One of the big laments of the current government, regulators and many consumers is the lack of clarity around the workings of the energy market. Confusion is profit and has been profitable, as any quick analysis of the retail offerings reveal.
But the lack of visibility around the workings of the market appear to be getting worse. Earlier this month, Snowy Hydro announced in a blaze of publicity that they had signed up 880MW of new wind and solar projects at a “game changing” price of less than $70/MWh, inluding the price of “firming,” or as the government would say “making it fair dinkum”.
This sounded like fantastic news. Snowy Hydro told us the contracts were for four wind and four solar projects, but then told us no more. Neither the identity of the companies that won the contracts, or the projects themselves were revealed. “That’s not for us to say,” the company said.
So far, a few of the winners have come out to fully identify themselves:
These include Spanish group FRV with its 68MW Goonumbla solar project in NSW, Clenergy with its 115MW Metz solar project also in NSW, and LightsourceBP, with a “portfolio of project” it has yet to identify.
Asking around, we also learned that Total Eren has won for an unidentified solar project, Tilt Renewables for half the output of its 336MW Dundonnell wind farm, Macquarie/RES for stage 2 of the Murra Warra wind farm in Victoria, and CWP Renewables, again with project or projects that have not been revealed.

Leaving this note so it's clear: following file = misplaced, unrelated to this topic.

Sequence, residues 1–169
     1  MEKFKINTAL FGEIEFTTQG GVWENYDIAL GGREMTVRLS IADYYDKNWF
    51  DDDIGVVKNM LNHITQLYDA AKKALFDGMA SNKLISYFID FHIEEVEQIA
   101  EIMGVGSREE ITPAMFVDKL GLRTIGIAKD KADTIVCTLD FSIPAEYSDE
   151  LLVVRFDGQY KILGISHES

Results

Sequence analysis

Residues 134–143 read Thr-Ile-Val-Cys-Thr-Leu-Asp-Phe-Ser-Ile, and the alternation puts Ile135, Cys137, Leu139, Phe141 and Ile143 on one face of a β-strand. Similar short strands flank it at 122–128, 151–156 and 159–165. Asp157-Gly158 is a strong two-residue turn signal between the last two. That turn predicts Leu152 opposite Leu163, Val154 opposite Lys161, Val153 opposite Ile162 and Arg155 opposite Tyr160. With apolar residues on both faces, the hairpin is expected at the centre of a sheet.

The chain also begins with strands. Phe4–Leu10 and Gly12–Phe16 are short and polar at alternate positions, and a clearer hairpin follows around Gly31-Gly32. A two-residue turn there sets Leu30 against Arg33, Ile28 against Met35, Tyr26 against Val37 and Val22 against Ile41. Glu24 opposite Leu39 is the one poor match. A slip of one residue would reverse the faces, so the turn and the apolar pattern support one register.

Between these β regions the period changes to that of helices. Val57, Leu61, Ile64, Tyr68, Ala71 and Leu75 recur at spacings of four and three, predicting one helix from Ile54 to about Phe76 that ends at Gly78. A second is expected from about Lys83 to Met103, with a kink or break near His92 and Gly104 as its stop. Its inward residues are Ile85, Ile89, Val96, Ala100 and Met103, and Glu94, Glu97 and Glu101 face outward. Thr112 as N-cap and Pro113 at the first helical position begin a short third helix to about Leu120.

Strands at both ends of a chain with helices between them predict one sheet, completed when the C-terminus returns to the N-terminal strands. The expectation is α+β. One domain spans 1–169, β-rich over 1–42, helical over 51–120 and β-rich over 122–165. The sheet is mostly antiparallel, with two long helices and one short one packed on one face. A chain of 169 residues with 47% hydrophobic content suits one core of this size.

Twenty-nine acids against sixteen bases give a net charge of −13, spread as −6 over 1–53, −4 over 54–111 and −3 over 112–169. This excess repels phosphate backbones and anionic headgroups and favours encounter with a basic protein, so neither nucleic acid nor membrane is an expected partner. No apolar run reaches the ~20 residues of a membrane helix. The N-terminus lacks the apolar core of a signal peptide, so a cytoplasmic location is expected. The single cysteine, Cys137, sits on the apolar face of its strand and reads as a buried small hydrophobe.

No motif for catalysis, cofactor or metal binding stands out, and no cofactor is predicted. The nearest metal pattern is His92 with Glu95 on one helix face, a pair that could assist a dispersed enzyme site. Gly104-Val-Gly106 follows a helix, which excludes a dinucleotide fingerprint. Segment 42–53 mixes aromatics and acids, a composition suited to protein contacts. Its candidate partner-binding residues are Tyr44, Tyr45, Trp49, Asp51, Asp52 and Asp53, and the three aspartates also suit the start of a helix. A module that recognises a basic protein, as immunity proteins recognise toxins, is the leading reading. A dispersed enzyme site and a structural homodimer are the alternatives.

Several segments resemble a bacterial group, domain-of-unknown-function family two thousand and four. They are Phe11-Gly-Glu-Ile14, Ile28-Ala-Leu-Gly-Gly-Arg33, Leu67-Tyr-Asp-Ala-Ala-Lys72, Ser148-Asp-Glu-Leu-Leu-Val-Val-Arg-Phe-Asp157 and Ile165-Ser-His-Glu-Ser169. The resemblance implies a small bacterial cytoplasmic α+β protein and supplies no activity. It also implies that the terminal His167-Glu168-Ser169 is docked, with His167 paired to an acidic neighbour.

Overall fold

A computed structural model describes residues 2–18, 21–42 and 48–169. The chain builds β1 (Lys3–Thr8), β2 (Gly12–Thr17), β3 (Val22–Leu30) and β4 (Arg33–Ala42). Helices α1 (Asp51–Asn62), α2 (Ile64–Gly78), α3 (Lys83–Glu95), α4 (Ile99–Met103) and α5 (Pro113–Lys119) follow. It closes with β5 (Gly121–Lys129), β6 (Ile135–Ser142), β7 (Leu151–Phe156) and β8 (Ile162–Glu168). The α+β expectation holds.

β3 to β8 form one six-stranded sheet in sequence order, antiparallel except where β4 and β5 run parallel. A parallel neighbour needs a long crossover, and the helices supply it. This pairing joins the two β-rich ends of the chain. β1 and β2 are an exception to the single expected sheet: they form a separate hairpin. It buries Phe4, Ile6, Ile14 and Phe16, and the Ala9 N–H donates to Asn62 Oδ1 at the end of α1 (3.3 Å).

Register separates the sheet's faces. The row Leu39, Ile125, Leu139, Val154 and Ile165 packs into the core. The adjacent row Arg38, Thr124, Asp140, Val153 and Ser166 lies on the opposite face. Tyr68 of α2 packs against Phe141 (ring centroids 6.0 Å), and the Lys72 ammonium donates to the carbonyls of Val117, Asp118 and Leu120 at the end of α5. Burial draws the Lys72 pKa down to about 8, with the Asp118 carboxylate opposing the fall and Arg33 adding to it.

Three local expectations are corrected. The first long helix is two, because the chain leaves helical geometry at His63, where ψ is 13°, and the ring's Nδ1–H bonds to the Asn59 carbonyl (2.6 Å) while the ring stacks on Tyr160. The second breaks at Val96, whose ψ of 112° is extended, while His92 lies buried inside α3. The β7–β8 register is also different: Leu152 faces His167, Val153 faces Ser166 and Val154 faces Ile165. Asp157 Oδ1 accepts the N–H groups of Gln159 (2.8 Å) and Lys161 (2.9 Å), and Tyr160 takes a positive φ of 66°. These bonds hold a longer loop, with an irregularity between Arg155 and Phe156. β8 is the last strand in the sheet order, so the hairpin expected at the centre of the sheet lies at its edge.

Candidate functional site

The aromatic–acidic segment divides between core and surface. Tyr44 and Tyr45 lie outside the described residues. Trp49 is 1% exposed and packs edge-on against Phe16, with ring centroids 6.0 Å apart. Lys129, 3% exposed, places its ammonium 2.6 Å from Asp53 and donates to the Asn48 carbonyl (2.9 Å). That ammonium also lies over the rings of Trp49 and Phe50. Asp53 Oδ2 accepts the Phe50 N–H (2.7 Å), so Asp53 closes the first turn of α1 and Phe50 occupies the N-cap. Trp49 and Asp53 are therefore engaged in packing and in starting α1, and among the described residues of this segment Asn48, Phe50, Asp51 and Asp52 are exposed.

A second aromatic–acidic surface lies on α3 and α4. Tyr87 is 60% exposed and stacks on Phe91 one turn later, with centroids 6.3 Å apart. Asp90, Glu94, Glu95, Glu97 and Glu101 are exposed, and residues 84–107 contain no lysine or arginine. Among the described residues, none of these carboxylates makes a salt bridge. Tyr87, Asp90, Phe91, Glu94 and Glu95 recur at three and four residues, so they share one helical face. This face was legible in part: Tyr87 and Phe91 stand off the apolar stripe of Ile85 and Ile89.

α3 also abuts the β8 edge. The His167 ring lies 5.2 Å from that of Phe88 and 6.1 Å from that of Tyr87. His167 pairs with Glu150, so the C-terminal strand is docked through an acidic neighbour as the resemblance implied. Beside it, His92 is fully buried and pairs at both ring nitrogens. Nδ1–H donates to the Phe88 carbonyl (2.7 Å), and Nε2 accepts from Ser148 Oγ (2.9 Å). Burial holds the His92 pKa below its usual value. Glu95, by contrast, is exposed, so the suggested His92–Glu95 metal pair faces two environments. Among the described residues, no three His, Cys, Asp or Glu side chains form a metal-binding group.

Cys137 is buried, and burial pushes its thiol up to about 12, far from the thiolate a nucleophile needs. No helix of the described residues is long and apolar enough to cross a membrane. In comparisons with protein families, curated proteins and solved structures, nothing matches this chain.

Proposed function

The identity of the remaining wind project or developer still eludes us.
This is quite extraordinary. Sadly, it has become a common practice for contract prices to be hidden from view, even when the tenderer is a government entity. But in the case of Snowy, it is the first time that a tenderer has refused to reveal even the names of the winning developers and their projects.
(The last time that a wind or solar contract was fully disclosed was by the ACT government, which revealed the details of all of its tenders for wind and solar that will deliver the equivalent of 100 per cent of its electricity needs by the end of the year.
(Some private companies have boasted of “record low” deals, such as Origin Energy’s contract with the Stockyard Hill wind farm in Victoria, but again the details are vague. In this case it was the low $50s/MWh.)
Snowy Hydro is no stranger to the practice of burying key details. Earlier this year, it came out with a series of preliminary reports underlying the case for the Snowy 2.0 pumped hydro scheme, a $6 billion project championed by former prime minister Malcolm Turnbull that carries significant uncertainties on its environmental impacts, engineering and economic rationale.
The feasibility study released just before Christmas last year noted a blow out in costs, but crucial chapters on the scheme’s economics, detailed costs and business case were not released.
Some analysts have had a close look at the proposals. Paul Hyslop, in this detailed analysis, wonders how Snowy can deliver any returns on its investment, even if its “heroic” analysis of overall market benefits comes true. And it notes the threat between modular technologies such as battery storage.
One big issue for Snowy 2.0 is the cost of transmission to connect the massive project to places where it might be useful. The cost is put at $2 billion, but could be more.
Snowy CEO Paul Broad has argued that its government owner should provide it with some form of indemnity in case the transmission spending does not pass the pub test, or in the energy circles what is known as RIT-T (Regulated investment test-transmission).
It has even argued that the project should not be bound by the same regulatory reviews that is required for all other projects, because of the potential delays of such a process.